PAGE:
Column: I urge you to do whatever you can to help Afghan refugees

As a mother, I have watched with horror images of Afghan women passing babies over barbed wire into the hands of foreigners, says Rt Rev Libby Lane, Bishop of Derby.

Friday, 10th September 2021, 8:00 am

I can’t imagine the depth of terror those women are facing, believing their child’s best chance of survival is being separated from everyone and everything they have ever known.

Similarly, the equally devastating decisions Afghan women being relocated to the UK are being forced to make.

As the last planes left Kabul airport amidst heartbreaking scenes, stories were already emerging about the disappearance of Afghan women from the streets and from public life - women to whom we had promised an education, the chance of a career and the same opportunity as men to participate in the life of their country.

The Right Rev Libby Lane, Bishop of Derby.

Their fear of what comes next for themselves, and for their daughters in particular, is all too evident.

As a woman born and brought up in Glossop, I feel very privileged to have had a safe and secure childhood.

I’m aware of the sacrifices the women in my family made to ensure I had the best possible opportunities. 100 years ago, my nana left school aged 13 without qualification and went into domestic service while 60 years ago my mum was discouraged from attending university and, as a teacher, struggled for promotion to become a head.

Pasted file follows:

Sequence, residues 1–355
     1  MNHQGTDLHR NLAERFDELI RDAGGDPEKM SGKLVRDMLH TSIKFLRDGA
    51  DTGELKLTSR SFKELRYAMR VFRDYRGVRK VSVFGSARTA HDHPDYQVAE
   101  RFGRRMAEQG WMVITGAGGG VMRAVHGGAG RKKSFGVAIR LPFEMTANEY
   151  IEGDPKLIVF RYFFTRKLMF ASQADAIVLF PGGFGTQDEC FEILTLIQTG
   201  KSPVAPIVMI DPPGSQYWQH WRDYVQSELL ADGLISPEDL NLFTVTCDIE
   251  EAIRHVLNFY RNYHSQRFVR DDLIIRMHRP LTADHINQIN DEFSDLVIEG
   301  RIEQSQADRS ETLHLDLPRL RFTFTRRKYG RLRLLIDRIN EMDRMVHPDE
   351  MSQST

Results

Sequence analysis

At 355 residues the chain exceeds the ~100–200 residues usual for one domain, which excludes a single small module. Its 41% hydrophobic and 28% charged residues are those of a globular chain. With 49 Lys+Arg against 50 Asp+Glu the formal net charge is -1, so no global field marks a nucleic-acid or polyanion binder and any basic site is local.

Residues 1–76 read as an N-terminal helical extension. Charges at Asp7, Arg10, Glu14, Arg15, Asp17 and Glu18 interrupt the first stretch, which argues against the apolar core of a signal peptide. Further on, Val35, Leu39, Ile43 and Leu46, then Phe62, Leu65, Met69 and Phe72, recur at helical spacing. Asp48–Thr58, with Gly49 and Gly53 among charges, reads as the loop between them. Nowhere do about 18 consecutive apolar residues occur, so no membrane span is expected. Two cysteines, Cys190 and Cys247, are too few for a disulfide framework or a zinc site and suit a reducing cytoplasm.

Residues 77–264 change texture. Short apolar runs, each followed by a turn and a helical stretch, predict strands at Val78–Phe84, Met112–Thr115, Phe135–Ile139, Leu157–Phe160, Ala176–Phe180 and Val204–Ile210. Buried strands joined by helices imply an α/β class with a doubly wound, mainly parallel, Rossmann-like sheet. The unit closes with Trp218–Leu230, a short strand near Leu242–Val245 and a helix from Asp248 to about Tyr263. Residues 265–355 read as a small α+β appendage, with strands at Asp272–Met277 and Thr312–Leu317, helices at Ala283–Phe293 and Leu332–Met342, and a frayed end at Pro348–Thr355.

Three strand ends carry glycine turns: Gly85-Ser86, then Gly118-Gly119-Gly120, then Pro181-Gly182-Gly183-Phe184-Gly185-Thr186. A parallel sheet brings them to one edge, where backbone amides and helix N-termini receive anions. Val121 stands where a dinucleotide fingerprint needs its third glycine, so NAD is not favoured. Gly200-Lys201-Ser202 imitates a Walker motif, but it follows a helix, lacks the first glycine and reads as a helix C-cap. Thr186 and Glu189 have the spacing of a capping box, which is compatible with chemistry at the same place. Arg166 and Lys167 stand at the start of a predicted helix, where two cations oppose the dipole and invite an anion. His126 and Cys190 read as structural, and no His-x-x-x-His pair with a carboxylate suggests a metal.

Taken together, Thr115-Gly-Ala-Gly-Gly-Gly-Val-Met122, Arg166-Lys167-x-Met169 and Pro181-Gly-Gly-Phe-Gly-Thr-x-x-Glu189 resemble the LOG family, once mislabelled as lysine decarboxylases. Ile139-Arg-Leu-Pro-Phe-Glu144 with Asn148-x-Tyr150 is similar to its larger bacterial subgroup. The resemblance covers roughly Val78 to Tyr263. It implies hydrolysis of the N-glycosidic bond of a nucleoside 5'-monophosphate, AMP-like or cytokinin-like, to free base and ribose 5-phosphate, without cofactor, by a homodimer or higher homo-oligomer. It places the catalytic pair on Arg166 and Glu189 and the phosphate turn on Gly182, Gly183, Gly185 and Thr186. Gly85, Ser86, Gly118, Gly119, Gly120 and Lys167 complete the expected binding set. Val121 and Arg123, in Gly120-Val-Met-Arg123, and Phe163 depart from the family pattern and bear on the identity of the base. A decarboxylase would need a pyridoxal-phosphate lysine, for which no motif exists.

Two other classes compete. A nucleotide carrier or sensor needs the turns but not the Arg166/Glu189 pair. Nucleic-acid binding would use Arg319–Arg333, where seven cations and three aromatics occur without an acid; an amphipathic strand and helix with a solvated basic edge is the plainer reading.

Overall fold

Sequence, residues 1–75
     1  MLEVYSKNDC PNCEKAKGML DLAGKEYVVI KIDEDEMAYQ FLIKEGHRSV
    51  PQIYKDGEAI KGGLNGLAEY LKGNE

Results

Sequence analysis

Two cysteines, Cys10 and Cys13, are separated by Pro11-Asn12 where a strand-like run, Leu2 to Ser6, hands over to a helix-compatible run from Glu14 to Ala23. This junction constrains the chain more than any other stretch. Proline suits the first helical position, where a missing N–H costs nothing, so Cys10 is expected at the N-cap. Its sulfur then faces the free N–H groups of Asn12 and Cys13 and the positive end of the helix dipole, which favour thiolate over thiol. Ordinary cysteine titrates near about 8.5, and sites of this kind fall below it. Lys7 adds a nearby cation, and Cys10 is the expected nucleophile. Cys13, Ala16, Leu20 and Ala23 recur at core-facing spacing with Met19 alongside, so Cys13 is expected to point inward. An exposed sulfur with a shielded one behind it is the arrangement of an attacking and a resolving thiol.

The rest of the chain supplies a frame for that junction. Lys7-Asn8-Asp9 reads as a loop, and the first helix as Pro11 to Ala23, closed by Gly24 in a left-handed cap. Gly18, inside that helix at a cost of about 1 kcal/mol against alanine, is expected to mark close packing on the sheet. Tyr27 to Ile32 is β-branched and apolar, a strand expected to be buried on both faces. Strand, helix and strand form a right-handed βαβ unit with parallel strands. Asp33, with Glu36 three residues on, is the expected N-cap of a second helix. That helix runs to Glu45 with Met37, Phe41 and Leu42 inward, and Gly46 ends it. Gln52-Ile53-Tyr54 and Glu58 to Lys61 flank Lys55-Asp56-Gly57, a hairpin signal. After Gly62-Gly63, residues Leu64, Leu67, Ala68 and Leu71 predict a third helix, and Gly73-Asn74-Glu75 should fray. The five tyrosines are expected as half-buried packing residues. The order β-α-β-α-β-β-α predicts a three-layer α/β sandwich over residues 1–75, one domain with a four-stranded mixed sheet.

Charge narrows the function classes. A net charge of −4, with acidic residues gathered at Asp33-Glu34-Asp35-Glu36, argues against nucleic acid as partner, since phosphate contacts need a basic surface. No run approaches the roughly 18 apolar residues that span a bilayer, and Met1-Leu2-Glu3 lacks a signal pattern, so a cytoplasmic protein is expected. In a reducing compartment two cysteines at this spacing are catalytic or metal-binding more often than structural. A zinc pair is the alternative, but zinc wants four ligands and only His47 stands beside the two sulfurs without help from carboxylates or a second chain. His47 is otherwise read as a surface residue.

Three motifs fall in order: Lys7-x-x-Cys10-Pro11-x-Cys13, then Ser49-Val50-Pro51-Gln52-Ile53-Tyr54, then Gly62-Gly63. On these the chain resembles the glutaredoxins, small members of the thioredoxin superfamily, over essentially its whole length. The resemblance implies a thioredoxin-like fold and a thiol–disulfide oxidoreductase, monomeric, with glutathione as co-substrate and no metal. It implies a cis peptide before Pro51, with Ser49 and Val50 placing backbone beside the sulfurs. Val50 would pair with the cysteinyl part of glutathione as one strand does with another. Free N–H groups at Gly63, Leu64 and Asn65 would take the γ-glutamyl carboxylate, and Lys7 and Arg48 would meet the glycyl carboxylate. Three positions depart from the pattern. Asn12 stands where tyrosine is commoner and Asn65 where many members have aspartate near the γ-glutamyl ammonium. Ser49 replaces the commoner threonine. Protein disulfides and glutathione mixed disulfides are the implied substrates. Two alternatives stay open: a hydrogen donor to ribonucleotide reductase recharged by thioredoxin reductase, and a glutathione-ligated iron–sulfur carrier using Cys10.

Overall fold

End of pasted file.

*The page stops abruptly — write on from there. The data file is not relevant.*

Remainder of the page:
I know that they too were inspired by other Derbyshire women such as Bess of Hardwick and Florence Nightingale.

When I became the first woman bishop in the Church of England, I commissioned the making of my episcopal ring out of Blue John to represent the people and places of Derbyshire who made me.

Through my ministry, I have sought to use the power and influence I have to make a bigger difference and transform lives for the good, intentionally investing in the development of women and advocating for the needs of the most vulnerable children and young people in our society.

Watching the plight of so many Afghan women and their children, I am determined to do whatever I can to help.

Churches across Derbyshire are working with the organisation ‘Welcome Churches’ to learn about cross cultural awareness and plan what kind of help and support we might offer any Afghans coming to Derbyshire. We are gathering practical resources to give to families such as clothing, toys, baby items, toiletries, mobile phones, pushchairs and more.

My faith teaches that all people are equal, known and loved by God. The Bible warns us not to oppress the stranger who comes and lives among us but to treat them as family, loving them as we love ourselves. We know that many of these particular Afghan families spent years supporting our troops and civilians in their country, often at great risk, now we have our chance to support them.

During the coming weeks we will have the privilege of offering a home to Afghan refugees in Derbyshire.

I urge you to do whatever you can to help them to settle and rebuild their lives and create a better future filled with hope for them and their children and the generations still to come.